However, I find it amazing that in this period of a suspended assembly civil servants had no trouble refusing a request for a simple modification to road signs on the A6 and wonder under what legislation they made this decision in the absence of a minister.
But we can’t be negative all the time and I am thankful Translink uses not just Derry and Londonderry but Doire on their cross-border express buses and trains.
I need to be mindful too that when as a much younger person and just married to a Donegal girl she couldn’t vote for me when I stood for election. That’s changed and I can even write ‘Irish’ to describe my nationality on government forms. I can even choose to have my name on the electoral register in Irish and again that’s progress.
Perhaps I should be grateful for what I have got, stop complaining about two currencies on this small island and a postal service which can deliver a letter to Cornwall twice as fast as it can to Muff a few miles away.
Nevertheless, I don’t understand why the term Derry and Londonderry cannot be accommodated in new signage. Come to think of it I don’t understand why bilingual signage ends at the border just like the Wild Atlantic Way, speeds in kilometres but there I go again failing to appreciate the few rights I have in this place called whatever you want to call it.
JOHN DALLAT MLA
SDLP, East Derry
FIONNUALA O Connor’s article ‘As Rudd resigns, might Foster follow?’ (May 1) highlights the resignation of Amber Rudd from the British Cabinet. It flags up Ms Rudd’s governance of her department specifically to do with ‘targeting’ numbers, of immigrants. Now who instigated these policies? None other than prime minister Theresa May.
Ms Rudd took the bullet.
She has been the bullet proof jacket. Mrs May has had to deflect blame from herself.
But, what does Ms Rudd do? She blames her department, blames the civil servants for not telling her things and not flagging up e-mails. At the end of the day it wasn’t her fault. Ms Rudd resigned basically because she mislead the House of Commons – but it wasn’t her fault.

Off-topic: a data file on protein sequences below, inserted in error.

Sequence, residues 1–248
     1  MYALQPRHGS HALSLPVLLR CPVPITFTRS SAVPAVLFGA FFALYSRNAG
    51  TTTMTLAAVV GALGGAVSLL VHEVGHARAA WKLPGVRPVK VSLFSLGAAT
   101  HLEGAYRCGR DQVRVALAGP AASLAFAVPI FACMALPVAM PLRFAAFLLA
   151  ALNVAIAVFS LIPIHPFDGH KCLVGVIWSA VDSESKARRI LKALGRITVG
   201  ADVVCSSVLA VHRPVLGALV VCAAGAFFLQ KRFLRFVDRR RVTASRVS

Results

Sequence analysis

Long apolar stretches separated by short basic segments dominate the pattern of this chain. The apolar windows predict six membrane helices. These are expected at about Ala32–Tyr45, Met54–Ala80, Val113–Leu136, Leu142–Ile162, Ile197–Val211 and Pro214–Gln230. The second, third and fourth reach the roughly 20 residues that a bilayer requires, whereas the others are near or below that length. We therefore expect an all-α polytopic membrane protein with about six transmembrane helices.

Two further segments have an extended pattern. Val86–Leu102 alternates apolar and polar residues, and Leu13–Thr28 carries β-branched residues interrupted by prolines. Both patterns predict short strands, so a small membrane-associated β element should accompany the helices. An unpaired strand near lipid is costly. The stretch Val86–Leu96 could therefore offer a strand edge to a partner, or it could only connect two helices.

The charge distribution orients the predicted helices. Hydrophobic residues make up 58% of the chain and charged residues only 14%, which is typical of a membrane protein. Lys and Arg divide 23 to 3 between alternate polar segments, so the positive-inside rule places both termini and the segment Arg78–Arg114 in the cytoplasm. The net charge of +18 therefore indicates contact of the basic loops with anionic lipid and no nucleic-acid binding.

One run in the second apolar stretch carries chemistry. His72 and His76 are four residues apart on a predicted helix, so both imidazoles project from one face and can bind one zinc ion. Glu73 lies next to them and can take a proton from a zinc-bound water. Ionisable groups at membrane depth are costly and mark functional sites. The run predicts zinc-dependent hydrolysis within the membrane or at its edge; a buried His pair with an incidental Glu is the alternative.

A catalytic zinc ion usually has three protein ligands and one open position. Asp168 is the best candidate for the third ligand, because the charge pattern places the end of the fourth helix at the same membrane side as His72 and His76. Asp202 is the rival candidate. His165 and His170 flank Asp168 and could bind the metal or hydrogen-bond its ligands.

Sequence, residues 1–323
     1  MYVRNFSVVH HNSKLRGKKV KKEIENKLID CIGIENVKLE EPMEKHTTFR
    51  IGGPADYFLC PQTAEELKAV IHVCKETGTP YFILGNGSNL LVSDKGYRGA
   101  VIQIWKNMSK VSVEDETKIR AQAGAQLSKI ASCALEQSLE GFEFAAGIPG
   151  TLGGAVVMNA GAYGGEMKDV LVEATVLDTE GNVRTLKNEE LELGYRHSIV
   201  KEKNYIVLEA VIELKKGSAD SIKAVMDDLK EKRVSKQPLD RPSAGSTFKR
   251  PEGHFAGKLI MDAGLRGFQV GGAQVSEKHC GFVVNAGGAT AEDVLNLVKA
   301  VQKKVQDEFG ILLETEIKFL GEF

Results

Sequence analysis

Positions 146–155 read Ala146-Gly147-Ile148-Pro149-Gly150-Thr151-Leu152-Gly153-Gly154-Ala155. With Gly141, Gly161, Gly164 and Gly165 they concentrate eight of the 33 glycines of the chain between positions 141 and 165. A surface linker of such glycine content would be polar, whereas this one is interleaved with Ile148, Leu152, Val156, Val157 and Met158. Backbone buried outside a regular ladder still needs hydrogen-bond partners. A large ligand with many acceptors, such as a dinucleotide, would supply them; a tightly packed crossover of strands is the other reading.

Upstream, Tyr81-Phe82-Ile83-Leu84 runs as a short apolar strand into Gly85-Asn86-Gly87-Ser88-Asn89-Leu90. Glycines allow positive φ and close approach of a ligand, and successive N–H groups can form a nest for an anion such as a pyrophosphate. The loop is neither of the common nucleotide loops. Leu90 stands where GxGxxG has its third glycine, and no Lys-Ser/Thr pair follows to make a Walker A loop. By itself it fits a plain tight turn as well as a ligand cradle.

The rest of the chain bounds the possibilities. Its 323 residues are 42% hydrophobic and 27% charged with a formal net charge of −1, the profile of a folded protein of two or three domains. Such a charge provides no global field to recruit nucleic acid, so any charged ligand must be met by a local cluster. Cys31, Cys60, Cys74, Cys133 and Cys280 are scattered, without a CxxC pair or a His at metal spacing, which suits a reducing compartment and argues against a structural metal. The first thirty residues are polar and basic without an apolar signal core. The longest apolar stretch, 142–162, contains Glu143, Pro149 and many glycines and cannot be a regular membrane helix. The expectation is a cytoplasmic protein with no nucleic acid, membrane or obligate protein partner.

Well readers, if this scenario sounds familiar it ought to. Mrs Foster had been in charge of the RHI scheme. A scandal costing taxpayers’ a phenomenal amount of money. The scandal demanded an inquiry. Mrs Foster refused to step aside and the rest is history.
When questioned at the inquiry she repeatedly said she couldn’t remember; the civil servants didn’t really let her know.
To me as an ex-minor manager of people the buck stops at the manager’s desk. Alleged failures by staff is no excuse for a manager’s failures. Is she an asset or handicap?
Expression of gratitude
I am an avid reader of The Irish News and write in the hope that you would consider publishing the following letter. It is really an acknowledgement of the kindness of one family throughout a very difficult time for me and my family, following the death of my beloved wife Frances Brennan.
For the most part it seems when we read or listen to the news all we hear is about discord and disharmony across the world. I would like to take this opportunity to highlight a good news story and to recognise the kindness and goodness of my close neighbours Kevin and Angie McGuinness.
It is really an acknowledgement of the kindness of one family throughout a very difficult time for me and my family, following the death of my beloved wife.
I and my family suffered the tragic loss of a beautiful wife, mother and grandmother in December 2017. At that time we experienced much support and sympathy from many people for which we are truly grateful. However, Kevin and Angie have consistently demonstrated such kindness and care towards all of us, which is way beyond any reasonable expectations. In a world where people appear to have little time for each other they stand out as prime examples of true friends.
My family and I are so lucky to have them as best friends and neighbours.